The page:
Editorial Board   Guest Author

Mr. Lachance

Paul Lachance

President, Smartware Group Inc.

Paul Lachance is founding partner of Smartware Group, Inc., producer of the modern Bigfoot CMMS solution for maintenance organizations worldwide, and currently serves as the company's president. Lachance has developed specialty CMMS and EAM software for maintenance professionals for almost 20 years. Prior to founding Smartware Group, Mr. Lachance and his business partner Dave Peelstrom started a software company in Colorado during the dotcom boom. After the company was acquired, they moved to New Hampshire and formed Smartware Group to fill a niche in the maintenance software market. Having started two businesses from scratch, Mr. Lachance understands the fundamentals and complex mechanics of growing a successful company. His creative management style encourages employees of all ranks to bring new ideas to the table and to pitch in wherever it is needed. Mr. Lahance's effective communication skills set him apart as a true partner that sets expectations for clients and always comes to the table with a solution. Mr. Lahance has spoken at a number of conferences and industry events, including the International Maintenance Conference and FABTECH. He also contributes to such industry publications as Plant Engineering, Processing Magazine, Food Logistics and Industrial Maintenance and Plant Operation. Mr. Lahance is a graduate of Bentley University.

Please visit www.bigfootcmms.com/company/smartware-group for more information.

Mr. Lachance can be contacted at 866-858-7800 or paul.lachance@bigfootcmms.com

Coming up in November 2020...

Hotel Design: Home Away From Home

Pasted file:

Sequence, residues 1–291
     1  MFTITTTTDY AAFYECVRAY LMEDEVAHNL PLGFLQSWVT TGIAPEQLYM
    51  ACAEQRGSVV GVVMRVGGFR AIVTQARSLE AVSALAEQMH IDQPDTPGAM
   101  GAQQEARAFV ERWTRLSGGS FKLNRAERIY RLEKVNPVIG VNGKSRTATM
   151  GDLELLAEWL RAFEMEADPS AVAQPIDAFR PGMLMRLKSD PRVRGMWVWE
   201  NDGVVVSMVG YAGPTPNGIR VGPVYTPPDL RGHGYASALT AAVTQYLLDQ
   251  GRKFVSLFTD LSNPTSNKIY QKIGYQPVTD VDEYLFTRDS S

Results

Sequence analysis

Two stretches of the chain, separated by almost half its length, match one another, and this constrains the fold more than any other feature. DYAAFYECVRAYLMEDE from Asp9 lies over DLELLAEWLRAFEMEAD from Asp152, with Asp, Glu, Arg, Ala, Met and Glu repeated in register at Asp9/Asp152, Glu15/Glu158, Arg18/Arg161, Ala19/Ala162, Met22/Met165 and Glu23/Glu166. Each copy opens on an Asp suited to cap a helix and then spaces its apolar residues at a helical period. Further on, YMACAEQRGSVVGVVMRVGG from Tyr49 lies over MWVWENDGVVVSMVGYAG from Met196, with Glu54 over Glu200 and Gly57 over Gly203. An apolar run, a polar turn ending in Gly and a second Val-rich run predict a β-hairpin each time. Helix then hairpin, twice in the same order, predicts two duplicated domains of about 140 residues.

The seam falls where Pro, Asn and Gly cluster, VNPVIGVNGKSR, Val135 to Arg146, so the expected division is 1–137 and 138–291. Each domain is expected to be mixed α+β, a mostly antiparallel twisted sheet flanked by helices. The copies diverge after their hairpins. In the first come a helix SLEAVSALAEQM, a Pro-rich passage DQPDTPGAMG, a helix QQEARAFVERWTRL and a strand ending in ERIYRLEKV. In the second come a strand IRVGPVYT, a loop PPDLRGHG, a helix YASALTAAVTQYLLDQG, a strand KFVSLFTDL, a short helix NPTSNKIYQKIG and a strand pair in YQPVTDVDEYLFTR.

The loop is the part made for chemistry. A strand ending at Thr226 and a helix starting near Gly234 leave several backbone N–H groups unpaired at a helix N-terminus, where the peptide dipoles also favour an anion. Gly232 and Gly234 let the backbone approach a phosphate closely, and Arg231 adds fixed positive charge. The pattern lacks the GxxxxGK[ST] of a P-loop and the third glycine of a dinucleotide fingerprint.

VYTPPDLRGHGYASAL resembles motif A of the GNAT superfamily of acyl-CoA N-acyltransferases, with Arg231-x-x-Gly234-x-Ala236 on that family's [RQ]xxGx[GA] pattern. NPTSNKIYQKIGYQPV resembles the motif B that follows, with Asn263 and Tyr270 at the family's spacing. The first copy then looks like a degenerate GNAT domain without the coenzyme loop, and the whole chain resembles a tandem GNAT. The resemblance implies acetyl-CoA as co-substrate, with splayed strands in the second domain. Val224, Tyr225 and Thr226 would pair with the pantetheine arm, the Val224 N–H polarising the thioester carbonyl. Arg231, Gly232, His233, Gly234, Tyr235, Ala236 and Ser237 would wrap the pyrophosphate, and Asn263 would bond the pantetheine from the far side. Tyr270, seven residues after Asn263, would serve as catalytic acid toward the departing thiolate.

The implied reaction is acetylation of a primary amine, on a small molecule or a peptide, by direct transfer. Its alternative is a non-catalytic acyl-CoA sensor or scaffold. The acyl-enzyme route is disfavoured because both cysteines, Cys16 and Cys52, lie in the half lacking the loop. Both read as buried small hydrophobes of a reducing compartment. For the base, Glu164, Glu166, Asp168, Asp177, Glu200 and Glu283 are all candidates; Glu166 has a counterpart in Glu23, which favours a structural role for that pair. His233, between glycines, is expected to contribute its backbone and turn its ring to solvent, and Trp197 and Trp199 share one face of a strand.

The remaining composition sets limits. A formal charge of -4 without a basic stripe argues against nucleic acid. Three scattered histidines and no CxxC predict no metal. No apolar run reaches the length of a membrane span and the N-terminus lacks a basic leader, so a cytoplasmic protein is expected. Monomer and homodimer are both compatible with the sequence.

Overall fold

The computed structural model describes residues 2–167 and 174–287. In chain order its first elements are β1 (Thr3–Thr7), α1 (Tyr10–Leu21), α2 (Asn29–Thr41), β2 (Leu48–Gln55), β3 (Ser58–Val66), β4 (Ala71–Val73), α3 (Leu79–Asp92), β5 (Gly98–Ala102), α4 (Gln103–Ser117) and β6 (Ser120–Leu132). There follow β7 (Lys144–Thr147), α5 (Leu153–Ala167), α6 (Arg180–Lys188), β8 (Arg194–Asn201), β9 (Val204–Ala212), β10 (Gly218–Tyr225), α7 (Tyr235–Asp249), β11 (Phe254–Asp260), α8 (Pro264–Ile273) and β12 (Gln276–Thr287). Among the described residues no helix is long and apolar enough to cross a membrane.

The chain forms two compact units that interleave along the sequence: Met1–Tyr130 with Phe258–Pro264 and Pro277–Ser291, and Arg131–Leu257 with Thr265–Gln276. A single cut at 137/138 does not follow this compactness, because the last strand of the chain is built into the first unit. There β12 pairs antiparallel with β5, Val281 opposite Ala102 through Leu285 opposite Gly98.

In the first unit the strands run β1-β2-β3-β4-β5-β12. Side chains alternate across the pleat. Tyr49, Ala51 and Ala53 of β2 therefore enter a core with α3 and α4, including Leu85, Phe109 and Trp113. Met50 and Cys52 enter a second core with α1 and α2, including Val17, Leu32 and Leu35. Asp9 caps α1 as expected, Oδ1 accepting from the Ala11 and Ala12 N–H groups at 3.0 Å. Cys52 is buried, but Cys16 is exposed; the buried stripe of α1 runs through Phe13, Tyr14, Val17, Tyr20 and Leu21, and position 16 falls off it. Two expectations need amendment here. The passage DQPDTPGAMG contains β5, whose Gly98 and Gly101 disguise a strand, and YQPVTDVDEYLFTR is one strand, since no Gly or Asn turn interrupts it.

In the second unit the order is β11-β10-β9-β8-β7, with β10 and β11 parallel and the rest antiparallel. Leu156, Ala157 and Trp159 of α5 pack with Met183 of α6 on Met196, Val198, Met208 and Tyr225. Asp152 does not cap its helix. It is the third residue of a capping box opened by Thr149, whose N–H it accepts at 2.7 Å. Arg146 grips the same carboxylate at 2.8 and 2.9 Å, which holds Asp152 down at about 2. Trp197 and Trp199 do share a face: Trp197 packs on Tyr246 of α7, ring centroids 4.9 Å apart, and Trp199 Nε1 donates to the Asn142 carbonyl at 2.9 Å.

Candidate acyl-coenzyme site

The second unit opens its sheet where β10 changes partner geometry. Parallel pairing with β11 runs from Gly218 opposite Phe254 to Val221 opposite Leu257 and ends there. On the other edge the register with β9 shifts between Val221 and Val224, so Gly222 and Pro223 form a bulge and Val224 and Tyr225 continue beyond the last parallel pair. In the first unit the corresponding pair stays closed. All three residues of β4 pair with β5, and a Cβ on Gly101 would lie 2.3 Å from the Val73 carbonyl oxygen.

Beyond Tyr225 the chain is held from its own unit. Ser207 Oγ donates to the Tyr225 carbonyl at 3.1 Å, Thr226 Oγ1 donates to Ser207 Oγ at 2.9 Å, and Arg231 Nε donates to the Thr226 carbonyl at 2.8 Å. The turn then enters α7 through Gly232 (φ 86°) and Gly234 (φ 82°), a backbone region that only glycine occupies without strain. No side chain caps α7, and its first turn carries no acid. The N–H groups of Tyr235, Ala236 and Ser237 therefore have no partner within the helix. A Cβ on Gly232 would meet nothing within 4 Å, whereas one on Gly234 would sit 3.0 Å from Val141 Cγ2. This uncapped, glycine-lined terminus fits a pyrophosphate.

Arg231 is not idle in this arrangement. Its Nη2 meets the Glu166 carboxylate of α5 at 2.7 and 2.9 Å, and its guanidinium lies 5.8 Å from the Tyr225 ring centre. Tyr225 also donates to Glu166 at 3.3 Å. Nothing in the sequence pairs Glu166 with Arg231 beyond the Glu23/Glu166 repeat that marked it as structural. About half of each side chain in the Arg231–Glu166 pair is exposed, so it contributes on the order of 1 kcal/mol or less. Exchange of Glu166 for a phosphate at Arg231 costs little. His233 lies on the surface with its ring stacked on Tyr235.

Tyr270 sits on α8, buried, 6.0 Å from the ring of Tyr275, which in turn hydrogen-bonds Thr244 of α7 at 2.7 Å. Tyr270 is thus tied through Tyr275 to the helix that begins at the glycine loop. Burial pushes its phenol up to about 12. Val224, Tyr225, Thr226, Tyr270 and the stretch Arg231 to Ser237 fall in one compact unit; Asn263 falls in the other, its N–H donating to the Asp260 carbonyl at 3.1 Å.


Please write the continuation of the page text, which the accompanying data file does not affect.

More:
With the rise of the sharing economy and the peer-to-peer marketplace for lodging options, hoteliers are re-thinking the look, feel and appeal of their locations. There is an emphasis on re-creating a feeling of homeyness - a comfortable, cozy and inviting space that feels like home. 'This is accomplished through the careful selection of furniture design, paint colors, lighting design, artwork, bathroom fixtures and textile accessories. In addition, some hotels are providing their guests with upscale amenities, such as a book and movie library, home-style kitchenettes, a coffee machine with locally-sourced beans and tea, or even a batch of fresh-baked cookies. Similarly, there is a growing design trend based on the concept of place-making. Travelers are searching for experiences that are unique and authentic to the locale in which they find themselves, and so hotel designers are integrating a sense of place into their work. This is partially achieved by incorporating traditional artisanal crafts and other local artwork into hotel rooms and communal spaces. Another design trend includes the creation of full-service, co-working environments within the hotel. Guests don't like to stay alone in their room when they need to work, so now they can go downstairs to the lobby-or up to the roof-to work among others. These areas encourage guests - and non-guests alike - to stay as long as they like and to partake of hotel amenities. Finally, recognizing the importance of the Wellness Movement, some designers are exploring how room design can increase the likelihood of deep and restorative sleep. Creating dark and quiet spaces, blocking excessive light, providing guests with a selection of different kinds of pillows, and the ability to control room temperature, are a few of the best practices in this area. These are some of the architecture and design topics that will be covered in the November issue of the Hotel Business Review.